The UK is to “overhaul its approach to foreign policy” as part of a government review, Downing Street has announced.
No 10 says insights from internal and external experts will challenge “traditional Whitehall assumptions”.
The diplomatic service, tackling organised crime, the use of technology and the procurement of military supplies will all be looked at.
The review will also seek “innovative ways” to promote UK interests while committing to spending targets.
The 2019 Conservative manifesto promised that the UK would continue to spend 0.7% of gross national income on international aid. The party also said it would exceed the Nato target of spending 2% of gross domestic product on defence.
The new government faces a number of foreign policy challenges including securing a post-Brexit trade deal with the EU.
French Foreign Minister Jean-Yves Le Drian recently predicted the two sides would “rip each other apart” during negotiations which are due to begin on Monday.
The UK is also hoping to secure a trade deal with the US but relations have been strained by the prime minister’s decision to use Huawei to build the 5G network in the face of US opposition.
The government is also keen to strengthen ties with China, but some of the prime minister’s own MPs – including Foreign Affairs Committee Chair Tom Tugendhat – have cautioned against allowing Chinese companies’ heavy involvement in projects such as the 5G network and HS2.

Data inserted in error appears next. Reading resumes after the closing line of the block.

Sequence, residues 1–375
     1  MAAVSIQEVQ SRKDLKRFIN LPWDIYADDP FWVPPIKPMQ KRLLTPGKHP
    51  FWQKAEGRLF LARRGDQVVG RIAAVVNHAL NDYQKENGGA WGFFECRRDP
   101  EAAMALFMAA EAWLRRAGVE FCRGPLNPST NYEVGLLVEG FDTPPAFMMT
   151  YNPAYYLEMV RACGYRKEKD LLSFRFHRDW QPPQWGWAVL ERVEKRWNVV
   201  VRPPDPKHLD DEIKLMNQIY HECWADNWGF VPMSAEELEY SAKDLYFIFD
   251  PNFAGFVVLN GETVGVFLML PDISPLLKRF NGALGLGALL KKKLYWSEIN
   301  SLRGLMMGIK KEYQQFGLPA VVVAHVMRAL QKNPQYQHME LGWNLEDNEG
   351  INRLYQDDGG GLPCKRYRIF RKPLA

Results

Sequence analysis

Setting out details of the Integrated Review – first announced in December’s Queen’s Speech – No 10 said Brexit presented “new opportunities to define and strengthen Britain’s place in the world”.
Its remit, as set out by the government, is to:
- define the government’s ambition for the UK’s role in the world
- set out the way in which the UK will be a problem-solving and burden-sharing nation
- determine the capabilities needed for the next decade and beyond to pursue objectives and address threats
- identify the necessary reforms to government systems and structures to achieve these goals
The review is expected to conclude later this year with input from Whitehall departments, including the Foreign Office and the Ministry of Defence.
The government says it will “utilise expertise from both inside and outside government for the review, ensuring the UK’s best foreign policy minds are feeding into its conclusions and offering constructive challenge to traditional Whitehall assumptions and thinking”.
The UK’s last full-scale security and defence review was completed in late 2015, before the UK voted to leave the EU.
Prime Minister Boris Johnson said the UK could not “rest on our laurels” adding: “We will be judged by how we respond to the opportunities ahead.
“As the world changes we must move with it – harnessing new technologies and ways of thinking to ensure British foreign policy is rooted firmly in our national interests.”